Monday, August 1, 2011

2GrandCru Turns 45 - The Grand Finale (July 19, 2011)

Read slowly. These wines deserve a lot of praises, as do the friends who joined and shared their wines with me and with each other: Ran, Rani (the other birthday boy), Uri, Amir, David and Meir Ido.

Nicolas Feuillatte, Palme d'Or, Brut, 1998

Very complex on both nose and palate, with flavors that literally explode on the palate, and never at the cost of elegance. One of the best Champagnes I've ever tasted.

Dauvissat, Chablis Premier Cru, La Foret, 2002

A complete Chablis nose: chalk, lime, apples, fossils, rainwater. A completely integrated palate, whose complexity carries on all the way to the aftertaste. While reserved compared to the Champagne, this honey reinforces my opinion that a good Chablis is a much safer bet than any other white Bourgogne.

La Rioja Alta, Rioja Gran Reserva, Cuvee Centenario, 1973

There's an ethereal nose here,but let me discourse first on the finish, whose gentle touch belies its length and kick. Back to the nose now, where the Tempranillo footprint is very much in evidence here: red fruit, mushrooms, tea, earth. Sweet, mature fruit on the palate. The only drawback is that I've tasted a twenty year old 890 with as much grace that was coupled with greater power, so I'm not sure this wine really needed close to forty years of cellaring. But at least it didn't take up my fridge space for so many years.

Chateau Palmer, Margaux 3me Cru, 1995

A Rorschach test for Bordeaux, with its cedary/minerally bouquet and tannic elegance. Vibrant on both nose and palate. Despite the complexity and charm of the nose, the palate is still relatively one-dimensional. But the finish is very persistent and savory. Drink now for the power, or wait a few years for the palate to open up some more.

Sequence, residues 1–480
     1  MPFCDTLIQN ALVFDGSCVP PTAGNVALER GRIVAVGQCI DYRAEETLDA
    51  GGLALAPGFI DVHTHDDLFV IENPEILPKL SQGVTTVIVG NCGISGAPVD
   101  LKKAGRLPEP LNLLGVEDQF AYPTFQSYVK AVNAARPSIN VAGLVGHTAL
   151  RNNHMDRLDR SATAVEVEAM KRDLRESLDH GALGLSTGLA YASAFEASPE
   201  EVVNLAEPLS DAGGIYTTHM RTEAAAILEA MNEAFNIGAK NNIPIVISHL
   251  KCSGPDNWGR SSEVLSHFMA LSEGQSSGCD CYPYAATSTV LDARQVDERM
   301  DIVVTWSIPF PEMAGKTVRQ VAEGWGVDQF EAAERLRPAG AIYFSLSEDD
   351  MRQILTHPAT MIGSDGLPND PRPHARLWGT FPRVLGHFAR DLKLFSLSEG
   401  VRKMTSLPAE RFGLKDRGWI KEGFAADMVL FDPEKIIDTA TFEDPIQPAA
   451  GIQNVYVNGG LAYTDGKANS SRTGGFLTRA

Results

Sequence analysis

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Chateau Mouton, Pauillac 1er Cru, 1989

The nose is a step up, very complex and deep; subtly earthy with a hint of meat. The palate also has great depth and length and is deviously tasty. Man, I just love the gentle sweetness of fruit that great Bordeaux develop with age. Elegance, balance and subtlety are the keywords here, so it doesn't need to go for the Palmer's ambulance punch.

Giacomo Conterno, Barolo, Cascina Francia, 1998

The nose attacks with red cherries, then spices, cured meat and touch of earthiness lend great complexity. The palate, also, is very elegant, clean, long and powerful, without any undue excess or the grainy rust I usually find in Barolos. Double terrific.

Kracher, Weinlaubenhof Burgenland, Welschriesling Trockenbeerenauslese, 8, 2001

My first Kracher is a very suitable epilogue to the best birthday lineup I've had yet. This is liquid cake and molten apricots and brown sugar. Despite the obvious acidity, it actually tastes sweeter than the desserts that accompanied it, without being cloying in any way.

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